Thursday, October 30, 2008

My Case Against Russia's Invasion of Georgia

It’s been several months since the Russian aggression against Georgia. Though the media has entirely abandoned this story, some of us continue to think about and discuss the implications of the situation, which as far as I know remains fairly tense and problematic.

A friend argued that in invading Georgia, Russia is only doing the same thing the US has done any number of times for oppressed countries. The rebels of South Ossetia are like the 13 colonies of America at the Revolutionary War.

My argument, (certainly not made so persuasively in person and on the spot) is as follows:

- Russia chose this summer to invade Georgia, though South Ossetia has had its share of rebels since the Soviet Union fell. This summer was a time when world attention was on other things. The invasion happened just before the start of the Olympic Games. Economic times were hard and more pressing to most of the world than foreign affairs. America was and continues to be engaged in a close and important election, while its sitting government has proved impotent.

- Only after Georgia sought to join the NATO alliance did Russia act against them. Russia is less interested in revolutionaries than it is in bullying smaller nations out of alliances with the democratic West. Russia is engaged in a new Cold War with the West, though the West seems unaware of this development. Russia is testing the strength of the NATO nations’ friendship with Georgia, much as Hitler did by stepping into Austria, the Sudetanland, and Czechoslavakia before the free world decided with Poland that enough was enough and Europe was in danger.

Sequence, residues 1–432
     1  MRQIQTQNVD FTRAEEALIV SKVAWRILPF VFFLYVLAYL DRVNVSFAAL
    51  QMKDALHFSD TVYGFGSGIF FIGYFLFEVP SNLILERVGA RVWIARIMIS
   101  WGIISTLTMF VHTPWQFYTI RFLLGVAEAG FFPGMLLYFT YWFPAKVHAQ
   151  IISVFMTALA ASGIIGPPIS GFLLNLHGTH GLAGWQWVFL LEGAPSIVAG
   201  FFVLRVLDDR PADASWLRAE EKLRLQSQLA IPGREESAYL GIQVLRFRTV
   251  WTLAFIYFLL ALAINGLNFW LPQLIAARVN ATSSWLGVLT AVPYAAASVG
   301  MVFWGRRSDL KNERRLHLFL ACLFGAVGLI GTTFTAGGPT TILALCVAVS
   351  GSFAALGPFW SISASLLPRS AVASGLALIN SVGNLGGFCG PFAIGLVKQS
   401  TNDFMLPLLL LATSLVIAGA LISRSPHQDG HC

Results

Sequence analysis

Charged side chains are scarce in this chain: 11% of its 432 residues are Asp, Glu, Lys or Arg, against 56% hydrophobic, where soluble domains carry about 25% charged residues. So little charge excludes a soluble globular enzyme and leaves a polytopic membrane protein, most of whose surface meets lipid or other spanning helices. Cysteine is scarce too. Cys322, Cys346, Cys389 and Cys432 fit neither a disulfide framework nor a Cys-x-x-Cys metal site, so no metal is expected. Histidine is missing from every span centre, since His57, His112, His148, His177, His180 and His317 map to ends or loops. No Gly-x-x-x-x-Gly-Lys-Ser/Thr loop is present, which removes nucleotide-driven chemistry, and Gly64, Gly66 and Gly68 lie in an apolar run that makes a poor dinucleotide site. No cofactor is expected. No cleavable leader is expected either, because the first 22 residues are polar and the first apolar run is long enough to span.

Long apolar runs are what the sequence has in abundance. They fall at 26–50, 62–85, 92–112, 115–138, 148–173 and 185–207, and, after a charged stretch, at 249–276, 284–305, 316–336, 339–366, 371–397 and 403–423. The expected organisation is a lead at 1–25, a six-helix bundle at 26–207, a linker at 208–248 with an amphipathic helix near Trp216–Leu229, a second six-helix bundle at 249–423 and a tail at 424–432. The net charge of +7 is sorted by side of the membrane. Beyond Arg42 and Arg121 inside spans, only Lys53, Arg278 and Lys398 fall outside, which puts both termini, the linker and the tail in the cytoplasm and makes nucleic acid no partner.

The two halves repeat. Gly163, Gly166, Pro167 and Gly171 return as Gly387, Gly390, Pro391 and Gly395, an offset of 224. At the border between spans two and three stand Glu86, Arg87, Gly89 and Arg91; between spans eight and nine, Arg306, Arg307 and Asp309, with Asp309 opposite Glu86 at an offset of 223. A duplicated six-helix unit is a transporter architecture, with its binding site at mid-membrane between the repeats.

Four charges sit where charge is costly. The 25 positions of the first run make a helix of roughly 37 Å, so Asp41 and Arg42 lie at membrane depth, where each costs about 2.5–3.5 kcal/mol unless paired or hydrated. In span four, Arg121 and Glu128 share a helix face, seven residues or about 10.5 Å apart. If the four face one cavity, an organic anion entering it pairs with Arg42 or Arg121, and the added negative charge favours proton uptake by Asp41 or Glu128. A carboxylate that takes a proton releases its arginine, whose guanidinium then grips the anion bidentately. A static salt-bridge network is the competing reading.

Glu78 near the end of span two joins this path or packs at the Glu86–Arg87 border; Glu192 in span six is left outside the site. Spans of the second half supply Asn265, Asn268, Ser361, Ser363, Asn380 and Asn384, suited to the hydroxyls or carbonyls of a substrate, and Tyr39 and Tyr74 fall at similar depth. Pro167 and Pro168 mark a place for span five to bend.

- Russia has economic/oil interests in disabling Georgia or in annexing the small country. Georgia has the only oil pipeline to northeastern European countries that is outside of Russian control. Russia wishes to control those NE countries, many of which were formerly part of the Soviet Empire. Controlling the supply of such an essential resource essentially holds hostage any dependent nations.

- Russia is busy forming an alliance with Iran and the Islamic states. Georgia is in the way.

- The revolutionaries in S. Ossetia are Islamic troublemakers, not interested in freedom. If they wanted to be free, they would want to be independent, not to join Russia. Like Iran supplying insurgents in Iraq with weapons and training, so has Russia been backing these rebels for over a decade.

- The claim has been made that because the South Ossetians and the Georgians are of different ethnicity, they cannot get along sufficiently to live under the same government. America has done this for its history as a nation. Russia does this, and South Ossetia is seeking to be annexed into Russia, which has much more ethnic diversity than Georgia. Local South Ossetians and Georgians get along just fine when there is no battle line drawn between them. (See the American Civil War)

- Russia did not only invade South Ossetia; their troops pushed all the way to just outside the Georgian capital. If helping the South Ossetians throw off an oppressive regime was their only interest, Russia should only have occupied South Ossetia.

- Russia has been dishonest in its invasion of Georgia. Russia promised to withdraw its military troops, but has not. It simply renamed the occupying forces as “peacekeepers.”